The God of Grace is a great gift |

The God of Grace is a great gift

Luke Wartgow
Luke Wartgow

Being a pastor in my hometown is a beautiful gift that has enabled me to engage in countless conversations about the grace of God in my life and others. Over the years, I’ve noticed that the word “grace” is used in a variety of contexts — and am at times reminded of these lines from Inigo Montoya, from the movie The Princess Bride: “You keep using that word. I do not think it means what you think it means.”

Some use the word “grace” to describe elegance or to address an authority figure (as in “Your Grace”). For the Christian, “grace” is one of the most important words to understand rightly. Fortunately, we are not left to figure out what grace is on our own. Grace is present throughout the Bible. It is an unmerited gift, an undeserving act of love and is at the core of what all the Bible teaches from Genesis to Revelation. God gives humanity what they don’t deserve. God gives love to the unlovable, value to the worthless, peace to the restless, and salvation to the lost.

If we want to understand grace best, we need to look no further than the perfect embodiment of grace, Jesus Christ, whose life, death, and resurrection have enabled us to have a new identity (1 Cor. 15:10), a new standing before God (Rom 5:2), and a new way of living (Acts 13:43). Here is why grace matters so much for us today. In our American culture, we are told to achieve more, do more, and that we are entitled to more. Some find this pressure motivating, but in the end, this expectation crushes all of us. We can’t be perfect; we can’t accomplish it all; and we don’t live up to the hype.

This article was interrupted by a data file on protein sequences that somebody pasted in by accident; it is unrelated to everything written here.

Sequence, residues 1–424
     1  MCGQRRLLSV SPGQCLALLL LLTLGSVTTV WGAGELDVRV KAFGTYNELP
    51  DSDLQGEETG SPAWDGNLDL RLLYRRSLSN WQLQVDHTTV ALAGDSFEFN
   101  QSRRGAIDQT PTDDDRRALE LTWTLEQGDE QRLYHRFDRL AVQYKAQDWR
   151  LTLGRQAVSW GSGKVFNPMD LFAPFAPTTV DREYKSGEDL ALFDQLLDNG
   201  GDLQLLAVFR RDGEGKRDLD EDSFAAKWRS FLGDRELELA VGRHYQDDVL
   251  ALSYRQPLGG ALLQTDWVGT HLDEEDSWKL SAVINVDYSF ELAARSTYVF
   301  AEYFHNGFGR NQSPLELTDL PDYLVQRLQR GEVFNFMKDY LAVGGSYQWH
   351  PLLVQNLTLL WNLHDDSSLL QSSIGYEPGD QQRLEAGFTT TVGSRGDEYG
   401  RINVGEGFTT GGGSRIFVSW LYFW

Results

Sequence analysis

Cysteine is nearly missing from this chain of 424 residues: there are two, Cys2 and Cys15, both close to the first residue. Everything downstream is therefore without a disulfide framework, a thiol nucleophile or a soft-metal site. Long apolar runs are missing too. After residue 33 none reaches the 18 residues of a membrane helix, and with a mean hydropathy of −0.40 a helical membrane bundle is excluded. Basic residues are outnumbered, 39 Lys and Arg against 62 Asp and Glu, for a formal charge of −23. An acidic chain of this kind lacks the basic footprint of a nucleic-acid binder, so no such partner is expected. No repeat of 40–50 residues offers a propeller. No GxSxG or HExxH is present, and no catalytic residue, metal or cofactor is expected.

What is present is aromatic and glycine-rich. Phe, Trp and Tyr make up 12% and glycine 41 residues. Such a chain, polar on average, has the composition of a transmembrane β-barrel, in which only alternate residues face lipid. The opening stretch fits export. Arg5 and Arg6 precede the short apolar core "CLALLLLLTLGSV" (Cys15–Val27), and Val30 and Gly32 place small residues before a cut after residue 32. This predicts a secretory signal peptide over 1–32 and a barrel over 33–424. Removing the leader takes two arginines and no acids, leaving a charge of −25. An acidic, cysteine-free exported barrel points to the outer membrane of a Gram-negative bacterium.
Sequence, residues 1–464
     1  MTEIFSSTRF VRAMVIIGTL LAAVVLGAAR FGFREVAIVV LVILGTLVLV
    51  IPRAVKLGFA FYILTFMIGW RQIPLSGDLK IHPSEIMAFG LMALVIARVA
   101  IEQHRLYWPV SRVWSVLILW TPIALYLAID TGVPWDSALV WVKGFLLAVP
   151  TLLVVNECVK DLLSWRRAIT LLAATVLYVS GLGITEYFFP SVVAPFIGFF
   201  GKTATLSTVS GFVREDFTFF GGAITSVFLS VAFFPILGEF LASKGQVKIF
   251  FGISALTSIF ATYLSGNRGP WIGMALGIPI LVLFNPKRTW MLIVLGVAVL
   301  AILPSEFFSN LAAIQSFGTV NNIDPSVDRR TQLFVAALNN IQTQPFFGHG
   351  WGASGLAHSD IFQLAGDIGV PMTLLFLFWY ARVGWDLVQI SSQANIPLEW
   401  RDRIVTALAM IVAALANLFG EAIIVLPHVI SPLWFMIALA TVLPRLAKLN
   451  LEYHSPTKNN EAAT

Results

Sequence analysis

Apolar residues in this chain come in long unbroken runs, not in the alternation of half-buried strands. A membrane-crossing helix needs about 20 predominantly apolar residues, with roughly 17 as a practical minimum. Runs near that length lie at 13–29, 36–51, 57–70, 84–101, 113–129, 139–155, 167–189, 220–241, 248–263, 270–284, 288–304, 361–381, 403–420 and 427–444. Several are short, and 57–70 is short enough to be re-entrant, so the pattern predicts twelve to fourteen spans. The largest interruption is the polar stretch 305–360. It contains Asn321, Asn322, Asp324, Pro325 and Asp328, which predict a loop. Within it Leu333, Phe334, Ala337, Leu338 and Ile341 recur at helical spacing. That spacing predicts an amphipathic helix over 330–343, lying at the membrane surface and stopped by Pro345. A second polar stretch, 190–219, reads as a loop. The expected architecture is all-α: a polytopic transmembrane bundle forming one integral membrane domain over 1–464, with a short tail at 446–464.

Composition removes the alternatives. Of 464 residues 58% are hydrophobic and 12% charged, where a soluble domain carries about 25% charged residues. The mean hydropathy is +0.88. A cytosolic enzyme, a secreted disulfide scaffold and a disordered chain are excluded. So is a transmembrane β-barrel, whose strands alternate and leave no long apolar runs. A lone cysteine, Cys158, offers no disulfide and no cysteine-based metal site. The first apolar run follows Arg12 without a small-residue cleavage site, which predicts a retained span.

But God is a God of grace. Scripture says it best in 2 Cor 5:21 “For our sake he made him [Jesus] to be sin who knew no sin, so that in him we might become the righteousness of God.” Christ gave us what we don’t deserve by taking on what we did deserve.

When we come to Him, the God of the Bible, we can come with nothing to offer, hands open wide in desperation, for He is the loving Father who specializes in giving us what we can’t achieve. So, if you are tired of trying to be someone you are not, I invite you to turn to the God of Grace.

Luke Wartgow of Berean Bible Church in Gardnerville is a member of the Carson Valley Ministers’ Association.